We saw it when you and Kanoa were doing the show here together.  You would take positions, and you would advocated mightily. And both of you were so articulate in doing so.  And it could get very …

 

Yes, it could.

 

So, I think you’re comfortable with conflict.

 

Yes.

 

And I think …

 

Because in conflict, if you have the right conflict, if you have the kind of conflict where you leave and you don’t like the person anymore, you know.  But if you leave with respect, you can converse, you know, all the time.

 

It’s true that you don’t solve anything unless you work it out.

 

That’s right.

 

So, what were your dinner table conversations like as a family?

 

Oh, when we disagreed with each other, it was: How can you possibly be saying that, when you called yourself a human being? You know.

 

Ooh, that sounds a little personal.

 

Well, yeah.  I mean, but the other ones were: No, no, no, that’s not right.  Because especially when they got into high school, then they could argue back, then they could really make a case.  Then they could say: Yeah, well, you don’t know anything; you don’t know anything about this.  And I didn’t like that, because … they were right; I didn’t know anything about that.

 

But did you admit it?

 

No; not then.

 

No, of course not.

 

But later on; you know, later on, you do. No; the family dinner is something that is very special.  The family dinner is something that, what happened during that day, you discuss it. And sometimes, you agree, sometimes you don’t agree, sometimes you leave it unsaid, or solutions un—

 

Is any conversation forbidden, any subject forbidden?

 

No; absolutely not.  And I think my wife watches that pretty good.  She goes: Don’t say that.  You know, that kinda stuff.

 

And everybody listens to her.

 

Yes.  I mean, she’s the one that sets the standard.  My wife and I set the standards.  Fifty-two years; fifty-two years of the greatest arguments that you will ever hear.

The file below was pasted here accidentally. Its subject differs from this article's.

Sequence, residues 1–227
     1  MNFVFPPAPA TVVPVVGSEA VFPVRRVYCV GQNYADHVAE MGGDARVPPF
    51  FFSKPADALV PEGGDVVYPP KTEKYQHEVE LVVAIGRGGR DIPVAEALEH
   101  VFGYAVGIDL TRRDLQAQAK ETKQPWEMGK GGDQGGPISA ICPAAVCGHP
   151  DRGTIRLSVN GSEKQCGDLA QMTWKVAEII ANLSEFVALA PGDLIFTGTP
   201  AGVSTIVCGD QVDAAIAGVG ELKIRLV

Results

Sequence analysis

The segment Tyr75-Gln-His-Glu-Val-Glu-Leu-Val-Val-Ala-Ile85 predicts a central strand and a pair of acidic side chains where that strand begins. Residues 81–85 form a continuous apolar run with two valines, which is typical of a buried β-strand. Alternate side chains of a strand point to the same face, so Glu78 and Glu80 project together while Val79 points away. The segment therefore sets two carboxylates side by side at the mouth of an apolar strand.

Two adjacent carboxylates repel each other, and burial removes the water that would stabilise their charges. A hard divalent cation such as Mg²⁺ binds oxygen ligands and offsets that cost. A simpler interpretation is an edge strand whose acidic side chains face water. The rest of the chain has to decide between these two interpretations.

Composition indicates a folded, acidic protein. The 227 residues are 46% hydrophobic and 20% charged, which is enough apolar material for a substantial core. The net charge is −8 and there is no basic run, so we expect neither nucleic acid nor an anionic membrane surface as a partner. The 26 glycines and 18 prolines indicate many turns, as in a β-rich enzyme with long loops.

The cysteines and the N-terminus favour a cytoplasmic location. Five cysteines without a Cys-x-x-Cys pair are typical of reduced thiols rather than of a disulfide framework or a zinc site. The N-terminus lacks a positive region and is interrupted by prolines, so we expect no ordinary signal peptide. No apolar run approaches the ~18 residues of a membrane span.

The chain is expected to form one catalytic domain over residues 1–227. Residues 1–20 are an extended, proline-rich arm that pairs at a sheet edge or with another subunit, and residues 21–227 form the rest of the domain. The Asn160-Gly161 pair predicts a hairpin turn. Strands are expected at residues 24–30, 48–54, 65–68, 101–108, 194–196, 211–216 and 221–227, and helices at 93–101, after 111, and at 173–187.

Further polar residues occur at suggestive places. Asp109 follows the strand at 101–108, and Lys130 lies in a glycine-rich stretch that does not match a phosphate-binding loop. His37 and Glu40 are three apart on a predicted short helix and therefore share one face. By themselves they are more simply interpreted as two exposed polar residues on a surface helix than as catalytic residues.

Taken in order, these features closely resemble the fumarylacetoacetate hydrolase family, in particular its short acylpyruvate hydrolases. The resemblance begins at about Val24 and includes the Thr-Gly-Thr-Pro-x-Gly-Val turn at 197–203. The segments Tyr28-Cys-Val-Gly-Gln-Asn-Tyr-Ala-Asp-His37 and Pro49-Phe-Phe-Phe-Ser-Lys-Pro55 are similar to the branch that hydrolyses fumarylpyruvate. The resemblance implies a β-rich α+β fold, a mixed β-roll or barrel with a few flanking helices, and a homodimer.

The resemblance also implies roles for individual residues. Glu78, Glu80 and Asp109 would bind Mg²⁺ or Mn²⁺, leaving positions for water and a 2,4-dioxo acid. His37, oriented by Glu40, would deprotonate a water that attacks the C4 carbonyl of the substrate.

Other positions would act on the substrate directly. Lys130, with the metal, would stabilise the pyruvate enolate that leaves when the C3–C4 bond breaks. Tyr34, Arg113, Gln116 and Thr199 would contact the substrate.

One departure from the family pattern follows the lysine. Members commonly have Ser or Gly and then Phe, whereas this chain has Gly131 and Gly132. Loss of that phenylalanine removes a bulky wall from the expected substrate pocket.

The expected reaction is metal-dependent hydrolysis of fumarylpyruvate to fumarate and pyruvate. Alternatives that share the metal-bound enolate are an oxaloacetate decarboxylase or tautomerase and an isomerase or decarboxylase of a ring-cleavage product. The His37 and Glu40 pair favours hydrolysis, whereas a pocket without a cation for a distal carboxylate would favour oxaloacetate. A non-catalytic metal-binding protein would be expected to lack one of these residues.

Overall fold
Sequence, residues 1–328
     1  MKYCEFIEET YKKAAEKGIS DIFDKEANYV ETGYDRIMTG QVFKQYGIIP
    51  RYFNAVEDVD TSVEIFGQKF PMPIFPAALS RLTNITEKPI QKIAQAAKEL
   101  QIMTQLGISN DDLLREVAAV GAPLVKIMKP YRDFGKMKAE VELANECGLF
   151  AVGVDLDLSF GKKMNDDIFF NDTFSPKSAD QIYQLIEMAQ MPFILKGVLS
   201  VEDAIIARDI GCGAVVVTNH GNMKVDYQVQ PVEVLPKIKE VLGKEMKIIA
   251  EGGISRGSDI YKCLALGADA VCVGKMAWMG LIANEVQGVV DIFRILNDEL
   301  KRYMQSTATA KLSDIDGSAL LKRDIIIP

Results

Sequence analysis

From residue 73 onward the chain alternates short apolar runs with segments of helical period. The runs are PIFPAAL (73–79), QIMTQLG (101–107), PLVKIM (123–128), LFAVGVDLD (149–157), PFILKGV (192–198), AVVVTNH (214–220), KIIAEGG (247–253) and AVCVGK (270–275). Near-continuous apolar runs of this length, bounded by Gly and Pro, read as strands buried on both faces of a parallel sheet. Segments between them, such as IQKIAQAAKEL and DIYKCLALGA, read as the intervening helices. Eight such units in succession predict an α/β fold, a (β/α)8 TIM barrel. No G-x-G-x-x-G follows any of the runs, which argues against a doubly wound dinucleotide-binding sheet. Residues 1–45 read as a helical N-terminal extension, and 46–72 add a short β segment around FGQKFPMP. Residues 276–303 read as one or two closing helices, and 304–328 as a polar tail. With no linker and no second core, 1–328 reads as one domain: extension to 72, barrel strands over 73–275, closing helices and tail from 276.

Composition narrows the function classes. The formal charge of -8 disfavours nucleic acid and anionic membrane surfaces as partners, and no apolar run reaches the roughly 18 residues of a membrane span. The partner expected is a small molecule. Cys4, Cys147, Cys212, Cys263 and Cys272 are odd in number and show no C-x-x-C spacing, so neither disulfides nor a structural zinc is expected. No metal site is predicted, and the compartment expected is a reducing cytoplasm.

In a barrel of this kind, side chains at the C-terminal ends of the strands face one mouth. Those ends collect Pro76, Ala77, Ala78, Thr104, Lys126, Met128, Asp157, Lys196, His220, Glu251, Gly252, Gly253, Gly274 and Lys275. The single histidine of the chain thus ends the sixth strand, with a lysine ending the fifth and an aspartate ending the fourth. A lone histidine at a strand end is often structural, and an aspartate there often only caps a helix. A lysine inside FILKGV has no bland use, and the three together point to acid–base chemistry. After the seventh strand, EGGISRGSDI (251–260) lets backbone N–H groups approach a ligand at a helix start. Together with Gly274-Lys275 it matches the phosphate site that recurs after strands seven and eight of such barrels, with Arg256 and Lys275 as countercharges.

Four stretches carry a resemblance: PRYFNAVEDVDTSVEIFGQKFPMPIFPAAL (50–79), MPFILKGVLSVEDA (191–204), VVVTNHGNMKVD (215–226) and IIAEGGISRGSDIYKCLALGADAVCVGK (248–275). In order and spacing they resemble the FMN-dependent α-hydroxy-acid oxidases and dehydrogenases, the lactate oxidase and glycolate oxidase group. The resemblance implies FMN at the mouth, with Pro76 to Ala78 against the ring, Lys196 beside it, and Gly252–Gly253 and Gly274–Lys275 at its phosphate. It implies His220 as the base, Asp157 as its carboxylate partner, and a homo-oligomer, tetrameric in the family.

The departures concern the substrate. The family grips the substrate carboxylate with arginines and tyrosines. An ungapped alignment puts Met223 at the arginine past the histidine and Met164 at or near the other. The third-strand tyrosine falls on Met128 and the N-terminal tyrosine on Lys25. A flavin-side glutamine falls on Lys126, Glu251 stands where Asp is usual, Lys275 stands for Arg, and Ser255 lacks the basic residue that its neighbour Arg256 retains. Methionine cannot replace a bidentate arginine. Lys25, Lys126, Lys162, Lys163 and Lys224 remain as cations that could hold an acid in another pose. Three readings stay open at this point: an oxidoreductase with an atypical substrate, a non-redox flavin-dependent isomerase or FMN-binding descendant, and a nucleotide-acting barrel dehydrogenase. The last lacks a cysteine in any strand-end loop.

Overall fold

Who wins?  Who wins your arguments?

 

— vocabulary, I may say.

 

Oh, I bet.

 

Yeah.

 

She’s a teacher, and you’re a word guy.

 

I’ll tell you what.  When we go to sleep, we’re solving it.  So, when the lights go out, about a half hour after that … Sorry, I said [INDISTINCT].  And I think that’s the best way.  You can disagree, but then there’s also that it’s not permanent.  It’s not permanent.

 

And you learn something from every argument?  Is that what you think?

 

You learn most of it; you learn most of it in there.  But I wouldn’t trade her.

 

Right now, people are so polarized, and we have a hard time talking to each other about our differences.  And you feel really comfortable doing that.  It’s had some negative effects, but it’s really healthy to talk when you don’t agree.

 

Yes.

 

Right?

 

Yes.  That’s the only way that you really make progress.  If you’re afraid not to state your views, if you’re afraid to say that what I believe … I really don’t, I really don’t think it’ll work.  You gotta go in there with some certainty.  You gotta go in there and say: Yeah, that’s a good point, and I’ll give you that, but.  And then you challenge, you challenge, you know, whatever they have to say.

 

Have you ever regretted that you spoke up or disagreed?

 

Sure.  Sure.

 

Why?

 

Oh, I think that I … emotionally, I leapt emotionally before I leapt intellectually.  And at the end, I think I hurt the person a little bit too much. Lady.  So, I called her up and said: If that’s an example of me, I was not up to standard.  You know. But you have to have respect for the person.  You have to have.  You know, what they say to you, you learn from that.

 

Do you think it made your kids stronger, that you’re such a strong personality, and outspoken?  And obviously, Toni is very much a part, and probably quieter and more definitive when it’s over.  But you know, your kids hear a lot from you.  Do you think it’s made them stronger?

 

I think it’s made me stronger.  I think it’s made me stronger.  Because when I talk to them on the phone or something like that and they have a point, they go boom-boom-boom-boom.  You know.  Yeah. That’s right; that’s right.  Yeah, yeah, okay.  Yeah, okay.  Yeah, that’s okay.  All right. Let me look into that.  You know, that kind of made me stronger.  At times, you know, I think it’s helped them with their problems.  Everybody has problems.  But I just think, you know, you’re Leaheys, and we have a pride, we have a way of doing things, and what you’ve said has made me stronger.  I finally understand where you’re coming from; finally understand.